It will be a very slow and painful process for them, but the historic remnant of honest Democrats is coming to terms with the realization that serious, genuine corruption is at the heart of the production and use of the phony Steele dossier.
Whether or not they realize that the dossier was the key to spying on the Trump campaign – used to justify unmasking campaign members whose electronic communications were intercepted by NSA monitoring, as Clarice Feldman explains today – they can smell the implausibility of Hillary’s denial of any knowledge of the dossier that cost her campaign and party millions of dollars.
Two elder statesmen of the Democratic Party are publicly chastising Hillary Clinton, drawing on their combined many decades of experience with campaigns at high levels. Doug Schoen and Andrew Stein write:
When asked if Hillary Clinton was aware of the dossier and its financing, former campaign spokesman Brian Fallon told CNN, “She may have known, but the degree of exactly what she knew is beyond my knowledge.”
When asked to clarify, Fallon waffled, saying that Clinton “may or may not have been aware.”
Former DNC chair Debbie Wasserman Schultz said she, too, was “not aware of anything related to this research arrangement.”
Yet it’s clear that the senior-most officials in the Clinton campaign and the DNC were aware of the dossier. After all, public FEC filings show that the Clinton campaign and the DNC paid Perkins Coie a combined $12.4 million. (snip)
With both of us having extensive experience in campaign budgetary decision making, the suggestion that top officials in the Clinton campaign, including Clinton herself, and the DNC weren’t fully aware of the research that their general counsel was commissioning strains credulity.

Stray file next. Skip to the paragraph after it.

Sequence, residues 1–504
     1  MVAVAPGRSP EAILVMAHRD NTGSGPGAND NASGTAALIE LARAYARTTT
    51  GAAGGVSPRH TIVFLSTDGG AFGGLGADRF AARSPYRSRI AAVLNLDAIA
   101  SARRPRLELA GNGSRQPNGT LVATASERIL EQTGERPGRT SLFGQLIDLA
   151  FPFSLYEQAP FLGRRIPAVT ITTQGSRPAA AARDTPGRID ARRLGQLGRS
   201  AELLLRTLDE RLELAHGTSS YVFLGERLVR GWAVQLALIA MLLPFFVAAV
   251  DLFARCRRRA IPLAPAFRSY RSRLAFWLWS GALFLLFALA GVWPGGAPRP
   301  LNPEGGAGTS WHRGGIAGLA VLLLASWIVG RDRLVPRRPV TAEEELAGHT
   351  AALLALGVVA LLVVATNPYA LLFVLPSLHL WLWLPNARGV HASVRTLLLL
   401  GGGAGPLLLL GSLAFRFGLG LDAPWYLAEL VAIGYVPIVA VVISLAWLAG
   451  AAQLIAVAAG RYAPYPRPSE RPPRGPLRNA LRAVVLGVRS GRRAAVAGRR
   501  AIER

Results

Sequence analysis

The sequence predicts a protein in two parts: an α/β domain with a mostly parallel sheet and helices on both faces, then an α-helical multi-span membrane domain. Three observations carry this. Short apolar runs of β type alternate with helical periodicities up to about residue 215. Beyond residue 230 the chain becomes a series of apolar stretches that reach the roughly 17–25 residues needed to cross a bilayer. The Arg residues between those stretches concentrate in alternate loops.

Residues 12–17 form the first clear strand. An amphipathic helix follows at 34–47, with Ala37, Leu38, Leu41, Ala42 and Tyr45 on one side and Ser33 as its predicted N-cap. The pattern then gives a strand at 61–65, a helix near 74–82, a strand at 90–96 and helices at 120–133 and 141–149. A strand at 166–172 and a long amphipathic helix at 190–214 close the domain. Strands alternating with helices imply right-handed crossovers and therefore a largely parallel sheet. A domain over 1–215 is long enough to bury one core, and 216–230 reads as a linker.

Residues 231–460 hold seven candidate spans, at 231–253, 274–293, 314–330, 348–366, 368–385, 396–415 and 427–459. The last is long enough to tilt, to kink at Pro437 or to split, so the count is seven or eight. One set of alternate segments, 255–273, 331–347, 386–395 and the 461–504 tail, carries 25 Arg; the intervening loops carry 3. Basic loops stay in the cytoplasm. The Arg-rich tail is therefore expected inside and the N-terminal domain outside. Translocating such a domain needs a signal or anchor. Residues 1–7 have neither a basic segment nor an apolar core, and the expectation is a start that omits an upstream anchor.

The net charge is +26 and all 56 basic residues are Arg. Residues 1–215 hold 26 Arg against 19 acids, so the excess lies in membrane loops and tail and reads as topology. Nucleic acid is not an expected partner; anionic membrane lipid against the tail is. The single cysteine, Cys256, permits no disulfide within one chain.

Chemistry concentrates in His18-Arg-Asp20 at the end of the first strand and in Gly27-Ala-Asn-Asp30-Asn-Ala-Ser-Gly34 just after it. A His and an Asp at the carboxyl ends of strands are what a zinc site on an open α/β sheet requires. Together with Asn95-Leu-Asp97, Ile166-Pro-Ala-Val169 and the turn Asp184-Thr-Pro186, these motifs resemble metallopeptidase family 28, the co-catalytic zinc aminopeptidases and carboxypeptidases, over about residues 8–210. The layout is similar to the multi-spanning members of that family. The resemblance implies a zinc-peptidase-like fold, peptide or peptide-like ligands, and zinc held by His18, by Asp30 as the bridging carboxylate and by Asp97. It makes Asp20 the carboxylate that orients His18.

With more than 380 payments from the Clinton campaign and the DNC being made to Perkins Coie, it is seemingly impossible that the candidate herself would not have direct knowledge of the purpose of those payments or any earmarks being made, especially those for Fusion GPS.
Again, we have both operated in campaign settings of this nature before as strategists and as candidates, and for this significant amount of money, the candidate would fully understand its use and must authorize its purpose.
It is important to note that this op-ed was published by the New York Post, not the New York Times, which remains committed to Team Hillary to the exclusion of dissident Democrat voices. Both men have long been fixtures on the Gray Lady’s pages, with Stein’s last political office being president of the New York City Council.
Now that President Trump has invoked the Watergate comparison, it is appropriate to note that President Nixon’s departure from office was in response to criticism from Republicans, who came to believe he had engaged in a cover-up of a third-rate burglary. When Republican Minority Leader Senator Hugh Scott told him that he should resign, he did so promptly.
Hillary is covering up a far larger, far more disturbing program of spying on its electoral opponent. One that corrupts the most fearsome spying apparatus in the world, the NSA’s ability to monitor all electronic communications.
Now that two senior and well-respected Democrats are calling BS on Hillary, a crack (albeit still small) has appeared in the dam. When the FBI’s informant finally speaks publicly to Congress, there will more cracks, especially if he brings hard evidence in the form of recordings and documents.
To my eyes, the picture accompanying Schoen and Stein’s op-ed tells us a lot about Hillary’s mental state:
She has put on a lot of weight, and even expensive custom-tailored clothing can’t disguise the fact. She’s openly joking about her drinking, which is a very bad sign. All her adult life, she has demonstrated the capacity to live with stress levels that would wither the strongest personalities. But there has never been as strong a prospect for a personal reckoning.